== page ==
The Complexities of Long Term Care in North Dakota

North Dakota is the most rural state in America. The state's idyllic lifestyle promotes longer lives among its residents that is why North Dakota has numerous population of the elderly compared to other states. The population of North Dakota started from 3,000 people way back 1870, but drastically grew to neat 680,000 by 1930 and continues to rise in the next decades. In the latest 2008 U.S Census status, the population of North Dakota declined at 641,481.

As the aging population, as well as baby boomers, continues to rise, the state has been challenged with some demographic changes. First is the high rate of emigration of younger people to urban areas. North Dakota has few employment opportunities and resources for the people to maintain a decent living, so many residents especially the young professional are forced to leave their native land and move to other states with better and ample job opportunities. The burgeoning rate of emigration, on the other hand, increases the likelihood for many elders to live alone and care for themselves despite of their chronic illness or disability.

Second, North Dakota has suffered from grave workforce shortage since most nurses and staffs have migrated to other neighboring states. The North Dakota Long Term Care Association reported that 40 percent of nursing home facilities have reduced admissions in the past years due to shortage of staff, and 66 percent of all nursing facilities have staffing crisis. Unfortunately, two out of every five state's residents will need nursing care including long-term care at some point of their lives, but how can people cope with these challenges as staffing shortage and increasing demands for care worsen? All these are culprit of the deteriorating health care for seniors. Those living in the remotest part of the state suffer the inefficacy of state's health programs.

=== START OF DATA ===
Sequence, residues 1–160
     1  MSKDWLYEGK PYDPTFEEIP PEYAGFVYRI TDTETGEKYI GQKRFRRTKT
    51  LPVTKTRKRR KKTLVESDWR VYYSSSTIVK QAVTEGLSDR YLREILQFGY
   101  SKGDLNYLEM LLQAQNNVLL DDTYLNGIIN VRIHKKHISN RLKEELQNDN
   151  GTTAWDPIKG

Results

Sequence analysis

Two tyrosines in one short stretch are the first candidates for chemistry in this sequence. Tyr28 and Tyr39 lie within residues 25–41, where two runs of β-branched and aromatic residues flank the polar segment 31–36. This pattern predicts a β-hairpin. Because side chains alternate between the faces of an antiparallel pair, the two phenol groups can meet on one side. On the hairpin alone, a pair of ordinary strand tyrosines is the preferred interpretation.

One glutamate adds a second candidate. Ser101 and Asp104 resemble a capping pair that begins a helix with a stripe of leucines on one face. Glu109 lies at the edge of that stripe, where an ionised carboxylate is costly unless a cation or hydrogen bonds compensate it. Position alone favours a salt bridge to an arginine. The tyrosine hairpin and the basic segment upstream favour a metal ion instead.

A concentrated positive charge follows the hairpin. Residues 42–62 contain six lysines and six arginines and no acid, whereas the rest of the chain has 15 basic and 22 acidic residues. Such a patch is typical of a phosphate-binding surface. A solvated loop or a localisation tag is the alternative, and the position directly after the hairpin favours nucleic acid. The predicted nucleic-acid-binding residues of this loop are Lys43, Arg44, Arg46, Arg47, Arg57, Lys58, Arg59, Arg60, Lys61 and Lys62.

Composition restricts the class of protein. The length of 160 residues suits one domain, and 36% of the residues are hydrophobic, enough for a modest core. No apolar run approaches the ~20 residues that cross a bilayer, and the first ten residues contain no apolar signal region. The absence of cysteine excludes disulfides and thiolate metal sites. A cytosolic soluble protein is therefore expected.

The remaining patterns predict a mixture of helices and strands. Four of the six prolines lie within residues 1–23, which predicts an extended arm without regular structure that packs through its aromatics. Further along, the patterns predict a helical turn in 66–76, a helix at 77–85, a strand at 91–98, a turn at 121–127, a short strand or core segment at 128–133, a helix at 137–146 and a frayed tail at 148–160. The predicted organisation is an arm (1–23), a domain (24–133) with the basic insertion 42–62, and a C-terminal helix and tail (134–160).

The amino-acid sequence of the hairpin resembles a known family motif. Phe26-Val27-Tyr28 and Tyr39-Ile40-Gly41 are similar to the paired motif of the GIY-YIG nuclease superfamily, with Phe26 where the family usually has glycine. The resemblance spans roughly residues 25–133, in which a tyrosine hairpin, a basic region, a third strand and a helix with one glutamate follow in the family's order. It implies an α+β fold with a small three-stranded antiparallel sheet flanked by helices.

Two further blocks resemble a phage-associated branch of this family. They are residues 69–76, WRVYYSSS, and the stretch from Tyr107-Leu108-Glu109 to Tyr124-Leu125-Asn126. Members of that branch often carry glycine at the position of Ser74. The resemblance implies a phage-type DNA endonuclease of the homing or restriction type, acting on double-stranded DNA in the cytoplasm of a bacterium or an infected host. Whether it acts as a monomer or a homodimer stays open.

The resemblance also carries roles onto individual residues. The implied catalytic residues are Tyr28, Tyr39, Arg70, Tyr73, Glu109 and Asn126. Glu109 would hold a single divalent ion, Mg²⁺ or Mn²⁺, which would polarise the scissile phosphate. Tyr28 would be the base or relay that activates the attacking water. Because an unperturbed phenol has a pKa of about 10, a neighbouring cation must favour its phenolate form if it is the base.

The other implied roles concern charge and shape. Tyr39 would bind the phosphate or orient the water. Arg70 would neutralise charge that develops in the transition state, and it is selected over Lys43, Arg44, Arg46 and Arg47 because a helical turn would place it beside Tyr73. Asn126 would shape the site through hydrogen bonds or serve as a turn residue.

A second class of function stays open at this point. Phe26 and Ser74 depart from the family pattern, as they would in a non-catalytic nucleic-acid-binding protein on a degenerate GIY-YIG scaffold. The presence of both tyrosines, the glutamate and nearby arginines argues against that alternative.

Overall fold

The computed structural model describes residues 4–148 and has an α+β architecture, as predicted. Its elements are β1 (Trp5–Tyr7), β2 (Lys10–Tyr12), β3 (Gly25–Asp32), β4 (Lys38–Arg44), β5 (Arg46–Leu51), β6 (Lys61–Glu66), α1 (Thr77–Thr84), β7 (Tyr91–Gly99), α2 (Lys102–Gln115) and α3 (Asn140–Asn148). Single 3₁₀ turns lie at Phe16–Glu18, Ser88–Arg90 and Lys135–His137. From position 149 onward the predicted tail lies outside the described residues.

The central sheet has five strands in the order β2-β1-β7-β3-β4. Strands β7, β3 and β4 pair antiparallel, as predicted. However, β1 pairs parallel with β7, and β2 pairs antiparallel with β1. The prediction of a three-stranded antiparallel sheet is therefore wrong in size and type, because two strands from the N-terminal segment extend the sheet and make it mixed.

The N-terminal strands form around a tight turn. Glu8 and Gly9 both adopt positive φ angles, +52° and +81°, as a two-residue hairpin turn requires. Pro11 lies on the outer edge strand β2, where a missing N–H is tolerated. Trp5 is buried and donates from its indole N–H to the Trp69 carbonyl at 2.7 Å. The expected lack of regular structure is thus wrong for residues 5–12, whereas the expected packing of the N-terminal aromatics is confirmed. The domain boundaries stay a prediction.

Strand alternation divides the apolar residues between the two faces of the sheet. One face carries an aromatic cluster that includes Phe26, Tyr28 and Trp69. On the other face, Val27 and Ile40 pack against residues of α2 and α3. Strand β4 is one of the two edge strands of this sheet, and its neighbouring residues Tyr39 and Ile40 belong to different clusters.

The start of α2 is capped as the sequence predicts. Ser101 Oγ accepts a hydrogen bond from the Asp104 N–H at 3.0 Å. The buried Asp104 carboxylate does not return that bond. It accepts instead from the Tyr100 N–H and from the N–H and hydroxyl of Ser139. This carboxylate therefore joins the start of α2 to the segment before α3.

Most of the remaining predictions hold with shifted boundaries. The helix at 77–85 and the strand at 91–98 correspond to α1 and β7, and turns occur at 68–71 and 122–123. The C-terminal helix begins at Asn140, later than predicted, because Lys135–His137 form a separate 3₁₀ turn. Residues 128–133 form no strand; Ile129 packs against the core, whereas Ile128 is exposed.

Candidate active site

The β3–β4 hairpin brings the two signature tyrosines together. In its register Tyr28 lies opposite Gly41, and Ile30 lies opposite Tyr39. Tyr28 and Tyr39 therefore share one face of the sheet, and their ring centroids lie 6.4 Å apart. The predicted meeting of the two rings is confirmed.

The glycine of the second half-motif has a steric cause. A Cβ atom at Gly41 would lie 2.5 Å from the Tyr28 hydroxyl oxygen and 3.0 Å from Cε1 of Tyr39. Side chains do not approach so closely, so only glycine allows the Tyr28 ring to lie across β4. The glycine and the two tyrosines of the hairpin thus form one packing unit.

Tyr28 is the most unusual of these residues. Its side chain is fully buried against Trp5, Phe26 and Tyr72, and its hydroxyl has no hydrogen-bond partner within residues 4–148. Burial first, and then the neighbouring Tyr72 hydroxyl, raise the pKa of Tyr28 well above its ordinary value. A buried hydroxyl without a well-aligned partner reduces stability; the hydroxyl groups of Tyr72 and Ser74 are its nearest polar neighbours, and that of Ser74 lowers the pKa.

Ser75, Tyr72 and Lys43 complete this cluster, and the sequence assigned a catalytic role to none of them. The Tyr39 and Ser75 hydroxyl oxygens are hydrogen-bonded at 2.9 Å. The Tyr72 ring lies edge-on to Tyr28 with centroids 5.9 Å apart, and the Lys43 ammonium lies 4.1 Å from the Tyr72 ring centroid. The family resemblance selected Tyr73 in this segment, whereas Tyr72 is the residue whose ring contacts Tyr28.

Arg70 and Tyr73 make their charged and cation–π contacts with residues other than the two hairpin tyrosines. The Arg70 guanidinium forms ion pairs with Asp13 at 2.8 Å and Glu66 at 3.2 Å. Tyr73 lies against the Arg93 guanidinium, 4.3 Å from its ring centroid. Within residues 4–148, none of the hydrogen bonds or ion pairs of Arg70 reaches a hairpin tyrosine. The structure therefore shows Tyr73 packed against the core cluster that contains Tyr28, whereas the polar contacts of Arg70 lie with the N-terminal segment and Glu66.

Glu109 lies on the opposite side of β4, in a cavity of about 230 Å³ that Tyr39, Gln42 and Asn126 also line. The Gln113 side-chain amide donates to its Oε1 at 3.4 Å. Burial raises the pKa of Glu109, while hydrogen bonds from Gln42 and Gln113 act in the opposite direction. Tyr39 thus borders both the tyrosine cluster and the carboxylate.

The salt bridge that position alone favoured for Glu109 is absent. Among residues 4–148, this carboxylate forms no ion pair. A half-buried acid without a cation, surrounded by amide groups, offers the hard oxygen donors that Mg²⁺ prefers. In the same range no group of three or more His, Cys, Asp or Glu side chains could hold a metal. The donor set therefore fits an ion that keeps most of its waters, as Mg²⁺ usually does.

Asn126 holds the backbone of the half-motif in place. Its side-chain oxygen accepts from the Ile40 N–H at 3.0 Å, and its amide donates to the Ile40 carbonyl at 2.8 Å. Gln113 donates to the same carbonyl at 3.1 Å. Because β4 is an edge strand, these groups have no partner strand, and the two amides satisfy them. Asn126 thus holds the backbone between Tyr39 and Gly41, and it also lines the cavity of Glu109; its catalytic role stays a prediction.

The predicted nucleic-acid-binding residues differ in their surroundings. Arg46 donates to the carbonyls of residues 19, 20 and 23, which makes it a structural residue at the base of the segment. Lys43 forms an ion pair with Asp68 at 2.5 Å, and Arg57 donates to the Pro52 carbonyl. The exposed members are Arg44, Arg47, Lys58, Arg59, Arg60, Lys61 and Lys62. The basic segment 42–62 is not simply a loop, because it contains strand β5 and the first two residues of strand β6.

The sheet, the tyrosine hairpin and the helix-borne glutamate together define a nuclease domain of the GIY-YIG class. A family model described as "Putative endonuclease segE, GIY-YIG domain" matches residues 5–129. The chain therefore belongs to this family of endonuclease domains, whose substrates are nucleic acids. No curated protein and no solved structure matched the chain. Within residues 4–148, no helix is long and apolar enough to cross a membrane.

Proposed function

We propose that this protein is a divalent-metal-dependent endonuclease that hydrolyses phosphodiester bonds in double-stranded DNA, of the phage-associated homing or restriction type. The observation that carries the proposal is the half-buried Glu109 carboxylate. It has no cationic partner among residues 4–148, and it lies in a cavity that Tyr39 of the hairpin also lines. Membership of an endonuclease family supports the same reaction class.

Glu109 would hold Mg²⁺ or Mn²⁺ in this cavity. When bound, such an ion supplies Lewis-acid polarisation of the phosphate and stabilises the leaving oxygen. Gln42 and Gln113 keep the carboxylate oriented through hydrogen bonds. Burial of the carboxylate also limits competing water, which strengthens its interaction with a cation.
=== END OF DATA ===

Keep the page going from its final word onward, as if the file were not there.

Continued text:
The Deficit reduction Act of 2005 implemented the Long Term Care Partnership Programs throughout all states in America. The North Dakota Partnership for Long Term Care was institutionalized on January 1, 2007 between the state of North Dakota and participating private insurance companies. The policies that meet the guidelines of DRA grant policyholders the right to apply for Medicaid financial support without crossing the financial eligibility and estate recovery rules.

All partnership policies must provide the following benefits:

Asset Disregard - Most people rely on Medicaid for help on their health needs; however, this publicly-supported fund only qualifies people with assets below $2000. This means that a person has to deplete his or her assets in order to become eligible for the program, or, otherwise, pay the costly services themselves. With partnership policies, the person's assets will be disregarded as to determining the amount of benefits he/she should receive. For instance, a person receives $200,000 insurance benefits from a partnership policy; therefore, he or she can retain the same amount of assets and qualify for Medicaid eligibility.